We are now beginning the last division of Old Testament books, the division called the Minor Prophets. the Minor Prophets prophesied over a period of about 400 years. Some of them preached to the people of Israel (Northern Kingdom) and some to the people of Judah. They are called the “Minor Prophets” primarily because their books are shorter than those of the Major Prophets.


To help us remember the prophet Amos, we might give him the name “the farmer prophet.” Before God called him, he had been a shepherd and one who took care of sycamore-fig trees. He came from the town of Tekoa in Judea, a few miles south of Jerusalem. His work as a prophet, however, was carried on in the Northern Kingdom of Israel. Amos prophesied during the reign of King Jeroboam II of Israel (793-753 B.C.). The years of Amos’ ministry were prosperous years for Israel. The nation was materially rich and for the moment safe from foreign threats. But morally Israel was sadly rotten. The rich people took advantage of the poor and oppressed them. There was little justice in the courts. There was much hypocrisy in the people’s worship. And there was open idolatry. Amos was called by God to preach against all this religious and social corruption. Like Joel, he warned of a coming “day of the Lord” when God would judge. Like Jeremiah, he courageously preached God’s message even when threatened. “Hear this word the Lord has spoken against you,” he would say and then fearlessly expose the sins of Israel and her neighbors. When ordered to get out of Israel and go back to Judah to prophesy, Amos steadfastly refused, because he had been called by God to “prophesy to my people Israel.” Because of the hard hearts and deaf ears that Israel showed when Amos preached, Israel was judged when Assyria destroyed the nation thirty years after Jeroboam II died. Israel despised the words of God’s prophet, and God eventually sent them a famine – not a famine of food or thirst, but a famine of hearing the words of the Lord (see 8:11-12).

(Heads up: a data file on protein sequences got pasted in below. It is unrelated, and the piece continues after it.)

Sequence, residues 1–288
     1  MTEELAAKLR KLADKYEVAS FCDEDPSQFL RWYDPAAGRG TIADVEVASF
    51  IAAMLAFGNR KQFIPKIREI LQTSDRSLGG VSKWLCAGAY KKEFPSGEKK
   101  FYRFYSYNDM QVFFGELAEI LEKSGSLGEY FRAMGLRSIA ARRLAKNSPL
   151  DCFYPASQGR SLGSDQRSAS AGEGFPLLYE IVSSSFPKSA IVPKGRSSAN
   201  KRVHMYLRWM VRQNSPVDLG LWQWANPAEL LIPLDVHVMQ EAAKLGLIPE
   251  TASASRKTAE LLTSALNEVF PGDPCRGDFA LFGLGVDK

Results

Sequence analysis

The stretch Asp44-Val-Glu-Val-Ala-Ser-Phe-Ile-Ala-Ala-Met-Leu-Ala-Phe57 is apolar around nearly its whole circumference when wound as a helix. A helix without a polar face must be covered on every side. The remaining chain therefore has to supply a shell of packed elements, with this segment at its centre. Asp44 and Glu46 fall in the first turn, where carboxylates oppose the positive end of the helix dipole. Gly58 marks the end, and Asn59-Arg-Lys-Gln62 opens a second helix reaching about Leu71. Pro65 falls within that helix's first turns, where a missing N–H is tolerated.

1. God’s Judgment on Israel’s Neighbors (1-2)
  2. Prophesies of Woe on Israel (3-6)
  3. Five Visions of Coming Judgment (7-9:10)
  4. A Promise of Restoration (9:11-15)

Read 2:6-8 and 6:4-7 to see Amos’ fearless preaching to expose sins.
Read 4:1-3 and 5:18-27 as examples of his prophecies of woe.
Read 8:1-6 to hear one of his visions of coming judgment.
Read 9:11-15, a promise of the days of the Messiah when Gentiles would be a part of the Kingdom. (Compare Acts 15:14-17.)

Old Testament

Who is Moses and the prophets? More topics and answers found here.

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New Testament

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